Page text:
Cynthia H. Coffman, as Attorney General, and Julie Ann Meade, as the Administrator of the Uniform Debt Management Services Act, v. Lawrence W. Williamson, Jr., Esq.; Donald Drew Moore, Esq.; and Morgan Drexen, Inc., a California corporation, and Walter Joseph Ledda, 2015CO35 (May 26, 2015).

“It isn’t what we say or think that defines us, but what we do.” – Jane Austen. Some companies offer debt-management services to debtors. Plaintiff is one of them. They are regulated by CRS 12-14.5-202. (the DMSA). Attorneys providing such services are exempt from regulation. Plaintiff (consisting entirely of nonlawyers) hired “local counsel” and sought “legal services exemption.” The Court, interpreting the DMSA with Colo.RPC 5.3, held that nonlawyer assistants may be exempt if they work for an attorney in substance, not just in name, and under the attorney’s supervision. Here, Plaintiff’s attorneys, some out-of-state , did not actually provide meaningful instruction or supervision. Although the Court, through CRCP 205.1, not the Legislature, regulates attorneys, the DMSA did violate the Separation of Powers doctrine. Thus, Plaintiff was subject to regulation.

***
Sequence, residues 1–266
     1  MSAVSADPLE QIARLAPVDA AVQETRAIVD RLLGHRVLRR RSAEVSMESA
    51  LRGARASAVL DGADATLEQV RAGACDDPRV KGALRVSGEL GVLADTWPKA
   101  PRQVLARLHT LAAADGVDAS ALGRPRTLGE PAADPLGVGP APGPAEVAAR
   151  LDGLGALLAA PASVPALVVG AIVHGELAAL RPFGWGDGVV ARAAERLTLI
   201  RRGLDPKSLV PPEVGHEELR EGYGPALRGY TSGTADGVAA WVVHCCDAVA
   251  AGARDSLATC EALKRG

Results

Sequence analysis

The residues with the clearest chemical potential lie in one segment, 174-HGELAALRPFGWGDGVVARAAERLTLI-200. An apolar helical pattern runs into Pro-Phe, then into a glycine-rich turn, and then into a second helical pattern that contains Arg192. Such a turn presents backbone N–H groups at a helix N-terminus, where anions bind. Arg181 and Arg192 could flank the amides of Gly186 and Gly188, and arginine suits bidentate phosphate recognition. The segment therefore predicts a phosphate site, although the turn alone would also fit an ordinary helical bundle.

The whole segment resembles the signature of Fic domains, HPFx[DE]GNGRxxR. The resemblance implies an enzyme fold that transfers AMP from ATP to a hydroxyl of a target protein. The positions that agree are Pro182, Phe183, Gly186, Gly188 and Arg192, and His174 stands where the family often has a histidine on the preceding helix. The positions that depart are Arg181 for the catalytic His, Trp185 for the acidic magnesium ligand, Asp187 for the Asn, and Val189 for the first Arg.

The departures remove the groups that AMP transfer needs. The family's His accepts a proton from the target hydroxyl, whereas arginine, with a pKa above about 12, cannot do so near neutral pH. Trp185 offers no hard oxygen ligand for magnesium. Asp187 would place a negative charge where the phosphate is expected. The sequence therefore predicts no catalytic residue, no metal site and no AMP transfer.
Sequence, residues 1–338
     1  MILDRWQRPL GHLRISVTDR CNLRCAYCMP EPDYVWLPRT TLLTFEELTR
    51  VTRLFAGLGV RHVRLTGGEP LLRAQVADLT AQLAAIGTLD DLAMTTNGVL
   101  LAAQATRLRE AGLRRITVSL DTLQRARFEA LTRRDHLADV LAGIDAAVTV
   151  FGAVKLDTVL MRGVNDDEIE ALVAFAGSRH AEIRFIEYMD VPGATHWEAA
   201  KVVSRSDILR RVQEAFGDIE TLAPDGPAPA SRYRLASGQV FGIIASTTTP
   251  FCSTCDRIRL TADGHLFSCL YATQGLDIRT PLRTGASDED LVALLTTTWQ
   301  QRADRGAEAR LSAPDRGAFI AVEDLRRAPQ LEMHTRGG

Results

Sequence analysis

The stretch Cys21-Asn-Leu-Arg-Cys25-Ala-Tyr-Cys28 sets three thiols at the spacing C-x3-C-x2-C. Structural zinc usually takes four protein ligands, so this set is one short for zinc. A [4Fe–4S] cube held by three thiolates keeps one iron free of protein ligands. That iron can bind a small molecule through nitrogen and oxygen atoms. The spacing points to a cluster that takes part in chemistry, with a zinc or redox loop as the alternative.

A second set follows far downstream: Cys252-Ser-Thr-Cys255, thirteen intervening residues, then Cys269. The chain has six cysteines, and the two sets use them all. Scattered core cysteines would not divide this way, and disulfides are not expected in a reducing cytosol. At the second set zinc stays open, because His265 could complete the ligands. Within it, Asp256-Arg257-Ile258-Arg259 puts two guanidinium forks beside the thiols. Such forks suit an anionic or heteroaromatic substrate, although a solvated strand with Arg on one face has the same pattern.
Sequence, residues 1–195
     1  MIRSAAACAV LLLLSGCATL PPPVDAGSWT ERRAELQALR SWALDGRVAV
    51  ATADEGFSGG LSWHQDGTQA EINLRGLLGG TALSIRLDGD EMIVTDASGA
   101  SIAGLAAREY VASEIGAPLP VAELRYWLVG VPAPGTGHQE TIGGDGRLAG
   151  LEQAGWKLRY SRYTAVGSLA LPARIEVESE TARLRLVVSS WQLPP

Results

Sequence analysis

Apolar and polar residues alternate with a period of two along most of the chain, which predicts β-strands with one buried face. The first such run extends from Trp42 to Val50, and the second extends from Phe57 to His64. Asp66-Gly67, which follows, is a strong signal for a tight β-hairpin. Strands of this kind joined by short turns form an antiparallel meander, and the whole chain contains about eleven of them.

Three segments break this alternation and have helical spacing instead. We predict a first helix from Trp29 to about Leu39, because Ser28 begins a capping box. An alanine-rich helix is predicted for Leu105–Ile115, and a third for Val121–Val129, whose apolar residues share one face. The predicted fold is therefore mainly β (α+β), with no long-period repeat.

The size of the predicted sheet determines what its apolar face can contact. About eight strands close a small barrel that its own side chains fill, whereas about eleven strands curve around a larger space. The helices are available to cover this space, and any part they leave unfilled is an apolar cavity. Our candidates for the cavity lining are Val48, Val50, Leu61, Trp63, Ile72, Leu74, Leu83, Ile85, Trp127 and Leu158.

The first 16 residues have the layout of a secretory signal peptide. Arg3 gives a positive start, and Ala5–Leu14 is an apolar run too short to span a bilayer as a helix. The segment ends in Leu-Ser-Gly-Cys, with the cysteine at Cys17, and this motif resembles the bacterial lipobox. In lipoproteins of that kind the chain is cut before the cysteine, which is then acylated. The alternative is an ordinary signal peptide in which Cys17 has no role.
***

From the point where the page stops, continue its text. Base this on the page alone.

https://www.courts.state.co.us/userfiles/file/Court_Probation/Supreme_Court/Opinions/2014/14SA249.pdf

http://www.cobar.org/opinions/opinion.cfm?opinionid=9789&courtid=2

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